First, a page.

The conclusion of the $29 million project was celebrated in Easton on Friday with a ceremony attended by about 500 people. As the gate at the convergence of the Lehigh and Delaware Rivers was opened, water began the 58.9-mile journey to the south along the 178-year-old canal.
The "rewatering" ceremony marked the first time the canal is being filled completely since 2004, and the entire process will take about a week, according to Rick Dalton, Delaware Canal State Park manager.
In the 1800s, as many as 3,000 mule-drawn boats traveled the canal, carrying more than a million tons of coal a year from the mining areas of northeast Pennsylvania to cities along the East coast. After trains took over, the last commercial barge ran in 1931, and the canal is now a favorite of river enthusiasts and a National Historic Landmark.
Following devastating floods from 2004 to 2006 that washed away entire sections of the canal and towpath, contractors hired by the Pennsylvania Department of Transportation have repaired the towpath and its banks and also restored the waterway, including structures such as bridges and lock gates.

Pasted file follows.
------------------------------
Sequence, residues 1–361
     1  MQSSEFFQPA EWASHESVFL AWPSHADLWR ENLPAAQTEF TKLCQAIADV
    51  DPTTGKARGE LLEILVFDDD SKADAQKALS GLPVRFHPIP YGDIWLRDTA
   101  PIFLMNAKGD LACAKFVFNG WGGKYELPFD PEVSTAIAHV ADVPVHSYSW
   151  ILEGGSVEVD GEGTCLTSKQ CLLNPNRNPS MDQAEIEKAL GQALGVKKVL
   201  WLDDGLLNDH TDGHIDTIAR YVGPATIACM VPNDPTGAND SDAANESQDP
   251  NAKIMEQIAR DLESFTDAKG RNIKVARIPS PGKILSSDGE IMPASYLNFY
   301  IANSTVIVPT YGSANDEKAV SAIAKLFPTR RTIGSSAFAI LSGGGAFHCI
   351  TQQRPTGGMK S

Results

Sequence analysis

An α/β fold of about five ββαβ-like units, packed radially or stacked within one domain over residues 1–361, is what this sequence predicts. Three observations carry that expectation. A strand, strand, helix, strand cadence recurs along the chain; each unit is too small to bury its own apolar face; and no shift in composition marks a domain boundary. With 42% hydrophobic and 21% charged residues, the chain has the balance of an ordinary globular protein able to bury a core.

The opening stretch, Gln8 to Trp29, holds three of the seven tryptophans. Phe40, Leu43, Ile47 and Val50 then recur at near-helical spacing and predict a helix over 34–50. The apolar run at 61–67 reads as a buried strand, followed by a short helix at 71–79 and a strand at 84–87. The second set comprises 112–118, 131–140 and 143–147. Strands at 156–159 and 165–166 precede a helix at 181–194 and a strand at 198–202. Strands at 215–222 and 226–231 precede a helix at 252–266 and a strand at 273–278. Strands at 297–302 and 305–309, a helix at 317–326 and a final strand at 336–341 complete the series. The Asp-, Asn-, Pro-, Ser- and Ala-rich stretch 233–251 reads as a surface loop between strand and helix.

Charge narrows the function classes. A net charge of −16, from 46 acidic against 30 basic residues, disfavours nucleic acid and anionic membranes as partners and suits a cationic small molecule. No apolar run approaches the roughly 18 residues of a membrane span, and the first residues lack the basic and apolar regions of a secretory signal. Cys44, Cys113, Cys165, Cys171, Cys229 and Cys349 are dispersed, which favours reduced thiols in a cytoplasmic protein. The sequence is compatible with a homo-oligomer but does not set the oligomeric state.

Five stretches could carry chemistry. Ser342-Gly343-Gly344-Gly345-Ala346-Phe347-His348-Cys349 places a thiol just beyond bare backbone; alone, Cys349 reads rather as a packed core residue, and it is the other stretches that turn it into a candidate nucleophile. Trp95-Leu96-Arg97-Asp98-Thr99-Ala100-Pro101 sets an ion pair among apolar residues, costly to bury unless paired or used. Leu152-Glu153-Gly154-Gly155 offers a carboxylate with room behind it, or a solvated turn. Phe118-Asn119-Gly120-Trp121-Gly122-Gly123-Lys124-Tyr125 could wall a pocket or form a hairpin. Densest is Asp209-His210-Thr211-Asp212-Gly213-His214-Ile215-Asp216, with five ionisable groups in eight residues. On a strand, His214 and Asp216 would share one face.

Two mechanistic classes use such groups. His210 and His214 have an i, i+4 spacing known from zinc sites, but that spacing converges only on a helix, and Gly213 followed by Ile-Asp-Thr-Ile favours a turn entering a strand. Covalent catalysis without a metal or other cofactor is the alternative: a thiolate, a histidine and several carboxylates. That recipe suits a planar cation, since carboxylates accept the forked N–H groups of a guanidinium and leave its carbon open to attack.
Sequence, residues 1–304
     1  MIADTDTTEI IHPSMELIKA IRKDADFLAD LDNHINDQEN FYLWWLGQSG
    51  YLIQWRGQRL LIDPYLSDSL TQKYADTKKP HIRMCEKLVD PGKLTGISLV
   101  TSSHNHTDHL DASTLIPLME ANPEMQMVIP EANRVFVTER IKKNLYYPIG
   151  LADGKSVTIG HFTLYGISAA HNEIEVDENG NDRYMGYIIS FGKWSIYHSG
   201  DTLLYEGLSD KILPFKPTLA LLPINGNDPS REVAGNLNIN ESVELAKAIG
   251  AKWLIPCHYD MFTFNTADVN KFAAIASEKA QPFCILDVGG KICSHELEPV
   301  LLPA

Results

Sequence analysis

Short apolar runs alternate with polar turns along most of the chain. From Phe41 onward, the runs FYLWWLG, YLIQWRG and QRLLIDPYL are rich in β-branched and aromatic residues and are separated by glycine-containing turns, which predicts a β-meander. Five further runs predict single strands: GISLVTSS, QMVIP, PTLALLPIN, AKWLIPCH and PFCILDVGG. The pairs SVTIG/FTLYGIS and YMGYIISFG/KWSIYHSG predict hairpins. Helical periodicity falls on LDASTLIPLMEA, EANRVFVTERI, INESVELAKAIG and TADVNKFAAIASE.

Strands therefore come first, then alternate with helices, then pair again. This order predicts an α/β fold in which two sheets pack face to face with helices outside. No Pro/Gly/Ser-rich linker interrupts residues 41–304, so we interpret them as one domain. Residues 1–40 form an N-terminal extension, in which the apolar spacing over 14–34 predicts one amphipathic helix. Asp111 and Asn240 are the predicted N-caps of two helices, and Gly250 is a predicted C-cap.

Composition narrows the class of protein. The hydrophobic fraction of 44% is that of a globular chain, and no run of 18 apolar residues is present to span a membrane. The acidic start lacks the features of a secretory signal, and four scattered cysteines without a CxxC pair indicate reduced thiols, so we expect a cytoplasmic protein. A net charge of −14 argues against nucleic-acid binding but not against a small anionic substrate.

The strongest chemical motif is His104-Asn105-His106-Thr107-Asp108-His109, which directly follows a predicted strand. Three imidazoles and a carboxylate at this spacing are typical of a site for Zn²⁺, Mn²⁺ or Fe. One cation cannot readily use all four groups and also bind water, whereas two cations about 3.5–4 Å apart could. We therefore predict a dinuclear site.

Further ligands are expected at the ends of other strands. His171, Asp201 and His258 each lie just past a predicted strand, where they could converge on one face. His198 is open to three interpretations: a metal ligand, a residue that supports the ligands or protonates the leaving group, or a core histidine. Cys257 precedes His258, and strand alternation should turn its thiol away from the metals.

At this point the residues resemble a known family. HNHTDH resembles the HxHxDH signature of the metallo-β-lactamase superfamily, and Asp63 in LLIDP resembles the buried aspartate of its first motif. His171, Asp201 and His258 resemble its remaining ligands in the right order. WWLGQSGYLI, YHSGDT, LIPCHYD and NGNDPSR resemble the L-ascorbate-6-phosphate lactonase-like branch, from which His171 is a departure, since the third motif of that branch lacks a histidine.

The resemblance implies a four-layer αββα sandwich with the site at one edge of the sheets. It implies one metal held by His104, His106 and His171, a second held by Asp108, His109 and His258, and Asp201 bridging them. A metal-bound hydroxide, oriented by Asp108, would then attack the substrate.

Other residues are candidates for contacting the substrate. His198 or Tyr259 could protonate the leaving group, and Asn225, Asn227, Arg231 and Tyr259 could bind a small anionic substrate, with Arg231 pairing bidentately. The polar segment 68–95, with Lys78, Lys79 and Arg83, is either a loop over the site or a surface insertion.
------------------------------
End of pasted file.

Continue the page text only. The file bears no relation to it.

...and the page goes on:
The cost of the repairs came in for some criticism, even though federal emergency funds covered three-quarters of the tab and the poor economy helped costs come in far below the original $40 million estimate. Proponents argued that the park draws up to a million visitors each year and has irreplaceable historical value.
"It's an absolute pleasure to see people coming back, riding and walking on the towpath, kayaking and canoeing, and to see the wildlife coming back, too," said Susan Martin, executive director of the Friends of the Delaware Canal. She said the Audubon Society has identified 90 species of birds along the canal, including a nest of bald eagles.
The festivities Friday included not one but three ribbon-cutting ceremonies. The first ribbon spanned the towpath and was broken by 350 bicyclists traveling 50 miles along the Rails and Trails Conservancy Greenway Sojourn. The second ribbon strung across the guard lock was cut by kayakers, and the third was snipped by state and local officials.